I think there’s going to be a huge shift in the way internists, family doctors, primary care doctors treat their patients. The question is what does that mean for our glaucoma patients? Because we know that lower blood pressure, especially lower diastolic blood pressure, can adversely affect your glaucoma risk and perhaps even your glaucoma. In this they actually showed that some of the bad side effects of having intensive blood pressure control was hypotension or syncope. The issue, of course, is paying attention to patients as they walk into the clinic and finding out if they’re undergoing more intensive blood pressure control. Those may be the patients who, even with good glaucoma control, may be still worsening. It may be because their blood pressure is being drawn down even lower.
I think that are certain lifestyle changes that we have better evidence for, others that we don’t. My general rule of thumb is if I believe that that lifestyle modification is not going to adversely affect somebody, even if we don’t have the best evidence for it, I think it’s still worth recommending.
For example, the study on green, leafy vegetables, as well as some previous studies in that vein. It would still be great to have a prospective study looking at patients and their consumption of these nutrients and whether or not their glaucoma worsens. We still don’t have that data, but I don’t think recommending to a patient to have a healthy diet, eat a variety of fruits and vegetables, and eat a lot of green, leafy vegetables, I don’t think that’s going to do them any harm. I definitely advocate that to my patients.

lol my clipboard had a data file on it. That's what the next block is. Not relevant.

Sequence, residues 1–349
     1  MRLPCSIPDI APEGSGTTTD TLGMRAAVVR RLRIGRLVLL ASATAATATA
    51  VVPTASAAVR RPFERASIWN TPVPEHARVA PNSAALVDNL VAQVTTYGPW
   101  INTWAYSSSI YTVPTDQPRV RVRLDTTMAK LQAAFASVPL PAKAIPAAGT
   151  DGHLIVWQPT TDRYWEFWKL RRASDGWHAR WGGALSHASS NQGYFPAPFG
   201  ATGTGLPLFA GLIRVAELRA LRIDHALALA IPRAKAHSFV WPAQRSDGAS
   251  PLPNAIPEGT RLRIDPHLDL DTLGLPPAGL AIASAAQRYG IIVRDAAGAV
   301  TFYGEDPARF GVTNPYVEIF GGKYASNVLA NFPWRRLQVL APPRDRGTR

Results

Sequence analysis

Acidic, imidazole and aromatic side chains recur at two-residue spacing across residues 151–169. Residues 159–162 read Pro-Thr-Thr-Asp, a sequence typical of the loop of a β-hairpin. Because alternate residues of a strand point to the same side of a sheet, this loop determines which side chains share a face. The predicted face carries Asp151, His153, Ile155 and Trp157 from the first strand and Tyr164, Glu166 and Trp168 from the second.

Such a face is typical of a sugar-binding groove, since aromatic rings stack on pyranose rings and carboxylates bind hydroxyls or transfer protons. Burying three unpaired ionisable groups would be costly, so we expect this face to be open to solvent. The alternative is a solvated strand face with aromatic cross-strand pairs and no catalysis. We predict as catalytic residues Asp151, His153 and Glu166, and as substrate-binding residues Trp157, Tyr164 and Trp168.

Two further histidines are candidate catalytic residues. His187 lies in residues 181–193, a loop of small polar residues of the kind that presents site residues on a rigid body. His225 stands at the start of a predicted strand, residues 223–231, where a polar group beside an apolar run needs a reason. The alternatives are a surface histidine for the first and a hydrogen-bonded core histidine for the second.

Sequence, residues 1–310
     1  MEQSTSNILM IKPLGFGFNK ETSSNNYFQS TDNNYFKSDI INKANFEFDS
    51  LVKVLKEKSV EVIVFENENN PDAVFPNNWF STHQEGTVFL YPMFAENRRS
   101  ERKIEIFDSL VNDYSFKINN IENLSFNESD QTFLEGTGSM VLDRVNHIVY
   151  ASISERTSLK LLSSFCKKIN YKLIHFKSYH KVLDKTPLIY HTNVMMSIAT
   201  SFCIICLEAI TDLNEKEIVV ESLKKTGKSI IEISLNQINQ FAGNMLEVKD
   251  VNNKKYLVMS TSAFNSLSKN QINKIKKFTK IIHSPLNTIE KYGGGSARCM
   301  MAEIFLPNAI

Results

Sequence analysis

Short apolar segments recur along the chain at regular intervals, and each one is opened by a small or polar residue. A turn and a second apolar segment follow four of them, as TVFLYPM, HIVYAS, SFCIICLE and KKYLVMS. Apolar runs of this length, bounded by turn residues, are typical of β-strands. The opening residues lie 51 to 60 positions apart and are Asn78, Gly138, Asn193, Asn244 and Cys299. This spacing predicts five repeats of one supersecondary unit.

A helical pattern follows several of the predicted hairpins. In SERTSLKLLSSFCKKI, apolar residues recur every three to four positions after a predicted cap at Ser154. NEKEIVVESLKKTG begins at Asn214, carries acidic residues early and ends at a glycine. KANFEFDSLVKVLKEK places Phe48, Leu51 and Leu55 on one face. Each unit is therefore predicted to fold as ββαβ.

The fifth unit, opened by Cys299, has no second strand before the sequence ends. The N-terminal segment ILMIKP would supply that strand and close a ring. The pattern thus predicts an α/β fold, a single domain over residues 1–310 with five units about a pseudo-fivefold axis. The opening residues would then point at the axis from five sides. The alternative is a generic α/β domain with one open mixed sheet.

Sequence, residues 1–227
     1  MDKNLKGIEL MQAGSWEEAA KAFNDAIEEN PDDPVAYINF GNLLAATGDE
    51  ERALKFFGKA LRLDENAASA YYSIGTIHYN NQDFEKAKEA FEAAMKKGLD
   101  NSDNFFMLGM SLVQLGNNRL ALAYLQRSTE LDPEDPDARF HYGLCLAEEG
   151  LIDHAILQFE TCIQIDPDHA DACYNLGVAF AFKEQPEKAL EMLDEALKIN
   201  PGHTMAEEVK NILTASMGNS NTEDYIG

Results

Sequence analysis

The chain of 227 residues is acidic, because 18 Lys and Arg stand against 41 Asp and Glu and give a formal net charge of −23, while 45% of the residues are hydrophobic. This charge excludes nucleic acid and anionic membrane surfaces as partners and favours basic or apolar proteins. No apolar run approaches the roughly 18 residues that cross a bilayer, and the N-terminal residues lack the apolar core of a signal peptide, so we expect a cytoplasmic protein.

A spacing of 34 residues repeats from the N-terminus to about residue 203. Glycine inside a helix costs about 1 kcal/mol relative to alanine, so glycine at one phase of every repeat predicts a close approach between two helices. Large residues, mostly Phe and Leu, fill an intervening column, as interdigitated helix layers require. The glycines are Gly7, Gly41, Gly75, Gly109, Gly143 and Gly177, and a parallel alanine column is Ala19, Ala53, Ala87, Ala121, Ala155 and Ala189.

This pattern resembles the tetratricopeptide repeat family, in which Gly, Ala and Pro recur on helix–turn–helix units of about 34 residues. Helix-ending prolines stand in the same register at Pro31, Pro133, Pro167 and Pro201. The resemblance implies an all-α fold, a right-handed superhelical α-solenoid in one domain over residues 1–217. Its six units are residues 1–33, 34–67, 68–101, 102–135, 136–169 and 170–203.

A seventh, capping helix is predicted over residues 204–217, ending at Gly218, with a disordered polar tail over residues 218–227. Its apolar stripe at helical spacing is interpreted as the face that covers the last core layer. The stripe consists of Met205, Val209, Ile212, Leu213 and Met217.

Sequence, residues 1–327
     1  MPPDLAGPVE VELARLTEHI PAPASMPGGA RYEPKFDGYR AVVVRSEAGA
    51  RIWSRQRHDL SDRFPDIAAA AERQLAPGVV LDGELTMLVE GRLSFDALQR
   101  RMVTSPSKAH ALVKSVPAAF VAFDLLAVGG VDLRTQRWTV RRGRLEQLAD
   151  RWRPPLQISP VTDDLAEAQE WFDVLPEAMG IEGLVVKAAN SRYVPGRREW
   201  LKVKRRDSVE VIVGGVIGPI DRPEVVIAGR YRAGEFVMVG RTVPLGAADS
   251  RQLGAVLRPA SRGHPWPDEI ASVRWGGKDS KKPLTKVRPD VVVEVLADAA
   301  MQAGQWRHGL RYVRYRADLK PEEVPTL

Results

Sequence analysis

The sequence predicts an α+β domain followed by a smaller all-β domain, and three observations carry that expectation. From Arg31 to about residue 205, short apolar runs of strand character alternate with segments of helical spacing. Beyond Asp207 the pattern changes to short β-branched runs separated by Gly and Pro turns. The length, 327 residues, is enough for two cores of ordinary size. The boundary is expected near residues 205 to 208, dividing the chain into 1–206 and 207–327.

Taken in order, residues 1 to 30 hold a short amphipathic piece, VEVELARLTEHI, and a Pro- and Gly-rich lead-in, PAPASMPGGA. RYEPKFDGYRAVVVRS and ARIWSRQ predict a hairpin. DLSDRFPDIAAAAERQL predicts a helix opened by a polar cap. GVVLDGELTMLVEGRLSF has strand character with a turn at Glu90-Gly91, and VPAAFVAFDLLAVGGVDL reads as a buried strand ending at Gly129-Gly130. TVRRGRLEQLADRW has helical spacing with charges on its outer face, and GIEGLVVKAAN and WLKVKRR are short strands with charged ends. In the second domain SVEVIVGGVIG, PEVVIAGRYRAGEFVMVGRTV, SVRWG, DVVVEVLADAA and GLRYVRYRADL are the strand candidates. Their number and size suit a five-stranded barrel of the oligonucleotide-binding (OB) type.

First posted on March 14, 2016; Reviewed on April 6, 2022
Yvonne Ou, MD
Yvonne Ou, MD is a glaucoma specialist and Associate Professor of Ophthalmology, Vice Chair for Postgraduate Education, and Academic Director of the Glaucoma Division in the Department of Ophthalmology at the University of California, San Francisco (UCSF). The research interests of the Ou laboratory are in the area of neurodegeneration and neuronal plasticity in glaucoma, with an eye for improving diagnostic and treatment modalities for patients, including virtual-reality visual field tests.